LGBTQ representation in the media, arts increases

By By: Elizabeth Chen Circulation Manager

On ABC’s Modern Family, Cam and Mitchell liven the show with their quick wit and complementary personalities. But they are not only a hilarious couple; they also help make up a handful of television characters that represent the lesbian, gay, bisexual, transgender and questioning (LGBTQ) community.

According to Gay & Lesbian Alliance Against Defamation’s 2010-2011 Where We Are on TV report, 23 of the 587 regular characters on the major broadcast networks are LGBTQ. ABC holds the highest percentage of the five networks with 7.2 percent of its regular characters being LGBTQ.

“[Television] shows include more gay roles nowadays to reflect the diversity that exists in America,” junior Sarah Adams said.

Representing the LGBTQ population in television helps to inform audiences of the difficulties that members of the LGBTQ community face each day. Although the number of LGBTQ characters has significantly increased from a mere decade ago, some argue that they are still underrepresented in television.

“Most of these shows only have one or two gay characters who are surrounded by straight characters,” junior Aura Chapa said. “There are more gay people at an average high school [than there are shown on television], so the representation isn’t proportional to reality.”

The original intention of incorporating LGBTQ characters into television shows may have been to depict the diversity of society; however, its unvarying portrayals of gays often tend to come off as stereotypical.

“Television stereotypes gays as having high voices, an interesting style and feminine gestures,” Adams said.

According to Chapa, while some LGBTQ people are examples of the stereotype, others exhibit various personalities and traits that are left unseen. Directors and writers neglect this truth when creating LGBTQ roles because it challenges the “marketable image” of the stereotypical gay character.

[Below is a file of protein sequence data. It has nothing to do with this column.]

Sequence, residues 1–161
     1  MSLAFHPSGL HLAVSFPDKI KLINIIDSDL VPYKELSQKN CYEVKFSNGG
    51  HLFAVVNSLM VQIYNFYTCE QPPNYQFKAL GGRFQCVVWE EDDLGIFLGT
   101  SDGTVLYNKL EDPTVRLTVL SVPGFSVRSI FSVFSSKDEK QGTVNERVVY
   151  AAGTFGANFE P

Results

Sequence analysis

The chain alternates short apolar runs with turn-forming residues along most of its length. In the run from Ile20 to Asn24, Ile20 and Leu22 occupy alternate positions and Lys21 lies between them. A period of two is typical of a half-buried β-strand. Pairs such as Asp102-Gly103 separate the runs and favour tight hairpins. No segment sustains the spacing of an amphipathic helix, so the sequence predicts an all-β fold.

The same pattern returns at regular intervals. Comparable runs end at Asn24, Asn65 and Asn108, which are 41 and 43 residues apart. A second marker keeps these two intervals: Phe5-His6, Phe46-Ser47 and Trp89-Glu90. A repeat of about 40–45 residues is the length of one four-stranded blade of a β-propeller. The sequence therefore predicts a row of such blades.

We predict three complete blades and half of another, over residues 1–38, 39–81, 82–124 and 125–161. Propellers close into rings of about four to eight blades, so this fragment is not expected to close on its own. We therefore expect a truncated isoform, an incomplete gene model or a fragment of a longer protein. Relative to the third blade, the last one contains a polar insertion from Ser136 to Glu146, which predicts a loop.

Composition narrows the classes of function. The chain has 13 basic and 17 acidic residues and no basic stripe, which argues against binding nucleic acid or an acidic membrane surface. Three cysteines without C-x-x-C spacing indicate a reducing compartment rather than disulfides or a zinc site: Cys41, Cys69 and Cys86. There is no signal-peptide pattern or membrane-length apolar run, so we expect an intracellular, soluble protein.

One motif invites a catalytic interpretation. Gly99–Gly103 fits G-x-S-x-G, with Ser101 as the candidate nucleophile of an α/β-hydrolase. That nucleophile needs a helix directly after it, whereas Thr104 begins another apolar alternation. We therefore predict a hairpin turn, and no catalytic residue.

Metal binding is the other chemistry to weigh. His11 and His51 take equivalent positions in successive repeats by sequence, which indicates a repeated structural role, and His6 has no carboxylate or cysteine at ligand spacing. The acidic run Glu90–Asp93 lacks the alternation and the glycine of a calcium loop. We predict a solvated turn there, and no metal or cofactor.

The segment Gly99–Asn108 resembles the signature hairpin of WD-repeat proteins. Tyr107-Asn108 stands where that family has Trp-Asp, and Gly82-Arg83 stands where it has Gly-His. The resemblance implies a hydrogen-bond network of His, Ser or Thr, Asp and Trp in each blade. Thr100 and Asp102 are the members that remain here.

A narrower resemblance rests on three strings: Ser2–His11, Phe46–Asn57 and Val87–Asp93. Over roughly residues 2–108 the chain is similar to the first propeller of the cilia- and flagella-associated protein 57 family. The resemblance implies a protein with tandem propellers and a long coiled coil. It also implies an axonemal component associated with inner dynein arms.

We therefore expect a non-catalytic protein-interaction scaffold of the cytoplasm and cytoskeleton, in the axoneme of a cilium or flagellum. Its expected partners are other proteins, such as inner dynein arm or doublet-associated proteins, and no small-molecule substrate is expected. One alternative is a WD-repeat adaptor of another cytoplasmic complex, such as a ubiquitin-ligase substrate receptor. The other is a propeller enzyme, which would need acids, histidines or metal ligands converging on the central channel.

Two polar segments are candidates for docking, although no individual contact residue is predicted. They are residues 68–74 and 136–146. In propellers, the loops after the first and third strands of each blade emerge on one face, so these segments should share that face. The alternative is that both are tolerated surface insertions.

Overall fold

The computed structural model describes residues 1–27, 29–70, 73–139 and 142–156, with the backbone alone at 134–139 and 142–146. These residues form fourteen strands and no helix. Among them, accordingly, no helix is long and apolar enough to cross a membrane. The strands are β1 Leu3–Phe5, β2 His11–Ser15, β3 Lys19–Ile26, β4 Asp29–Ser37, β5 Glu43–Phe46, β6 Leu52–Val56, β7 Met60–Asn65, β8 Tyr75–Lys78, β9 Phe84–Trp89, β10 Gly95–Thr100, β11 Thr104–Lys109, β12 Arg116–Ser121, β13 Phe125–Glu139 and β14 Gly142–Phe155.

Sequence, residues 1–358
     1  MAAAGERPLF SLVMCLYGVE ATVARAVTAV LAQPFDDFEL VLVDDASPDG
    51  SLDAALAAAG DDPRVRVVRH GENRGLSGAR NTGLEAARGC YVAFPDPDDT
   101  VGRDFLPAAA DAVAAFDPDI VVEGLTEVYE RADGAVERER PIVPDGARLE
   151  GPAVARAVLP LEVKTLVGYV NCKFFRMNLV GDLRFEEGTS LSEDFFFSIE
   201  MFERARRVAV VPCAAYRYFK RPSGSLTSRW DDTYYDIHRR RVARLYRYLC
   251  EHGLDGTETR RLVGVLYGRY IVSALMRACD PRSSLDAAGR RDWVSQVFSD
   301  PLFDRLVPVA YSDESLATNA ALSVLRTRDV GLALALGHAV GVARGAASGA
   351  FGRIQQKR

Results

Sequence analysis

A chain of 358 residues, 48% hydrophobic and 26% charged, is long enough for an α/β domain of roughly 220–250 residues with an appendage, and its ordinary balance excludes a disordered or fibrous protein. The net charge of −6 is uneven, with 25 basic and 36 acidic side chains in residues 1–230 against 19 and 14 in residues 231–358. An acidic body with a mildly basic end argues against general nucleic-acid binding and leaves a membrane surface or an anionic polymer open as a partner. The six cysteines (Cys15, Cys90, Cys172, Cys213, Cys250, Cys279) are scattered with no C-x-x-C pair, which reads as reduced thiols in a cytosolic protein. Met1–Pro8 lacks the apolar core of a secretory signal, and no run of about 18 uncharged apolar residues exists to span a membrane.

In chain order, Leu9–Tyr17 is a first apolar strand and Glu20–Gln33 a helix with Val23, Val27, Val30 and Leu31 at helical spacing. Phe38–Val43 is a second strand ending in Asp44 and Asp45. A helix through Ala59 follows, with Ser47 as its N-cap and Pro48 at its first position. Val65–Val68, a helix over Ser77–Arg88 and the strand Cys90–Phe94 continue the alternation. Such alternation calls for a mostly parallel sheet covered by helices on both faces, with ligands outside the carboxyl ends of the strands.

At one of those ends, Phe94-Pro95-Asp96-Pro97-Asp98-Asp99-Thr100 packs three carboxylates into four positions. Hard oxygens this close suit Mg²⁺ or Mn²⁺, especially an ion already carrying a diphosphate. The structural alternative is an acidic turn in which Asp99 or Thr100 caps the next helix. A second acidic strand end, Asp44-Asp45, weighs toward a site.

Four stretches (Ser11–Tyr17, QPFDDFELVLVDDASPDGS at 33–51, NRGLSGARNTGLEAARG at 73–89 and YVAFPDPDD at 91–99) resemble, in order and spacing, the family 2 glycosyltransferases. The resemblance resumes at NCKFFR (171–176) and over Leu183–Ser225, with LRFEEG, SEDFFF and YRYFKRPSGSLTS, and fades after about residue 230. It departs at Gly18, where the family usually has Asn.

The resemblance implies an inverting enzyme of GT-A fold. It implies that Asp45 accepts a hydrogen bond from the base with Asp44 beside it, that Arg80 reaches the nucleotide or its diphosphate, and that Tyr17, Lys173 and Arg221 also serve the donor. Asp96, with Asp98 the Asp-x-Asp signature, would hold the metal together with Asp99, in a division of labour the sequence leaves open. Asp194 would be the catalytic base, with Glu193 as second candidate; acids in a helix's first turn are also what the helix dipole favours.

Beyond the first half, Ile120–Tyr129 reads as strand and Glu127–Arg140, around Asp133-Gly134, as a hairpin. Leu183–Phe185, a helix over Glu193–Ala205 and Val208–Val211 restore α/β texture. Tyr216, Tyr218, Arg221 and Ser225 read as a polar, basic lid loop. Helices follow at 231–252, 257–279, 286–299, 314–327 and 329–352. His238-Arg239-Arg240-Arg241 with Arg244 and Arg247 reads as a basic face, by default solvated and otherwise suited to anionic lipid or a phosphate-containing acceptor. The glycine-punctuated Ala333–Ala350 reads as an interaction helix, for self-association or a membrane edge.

Still, there are some instances in which shows have resisted giving LGBTQ characters stereotypical qualities.

“Modern Family’s ‘The Kiss’ episode debunked the stereotype that gay men are all in your face when Mitchell [showed his discomfort] with kissing Cam in front of his family,” Ceramics, Sculpture and Digital Art teacher Brendan Roddy said.

Despite the inferences that can be made about people in the LGBTQ community because of depictions on television, it is important to keep in mind that whole groups cannot be defined by characteristics other than those that differentiate them to begin with.

“There’s only one indication that someone is homosexual, and that is that they are homosexual,” junior Hal Zeitlin said. “There should be no stereotypes qualifying what homosexuals are like or how they act.”

Though television shows often feed into stereotypes of the LGBTQ community from time to time, all viewers must remain aware that there are stereotypes on all groups of people that are not necessarily correct.

“In light of the recent suicides, including the student at Rutgers [University], it is important to know that it does get better,” Roddy said. “There was a point when I realized that everyone’s different and nobody fits a certain stereotype.”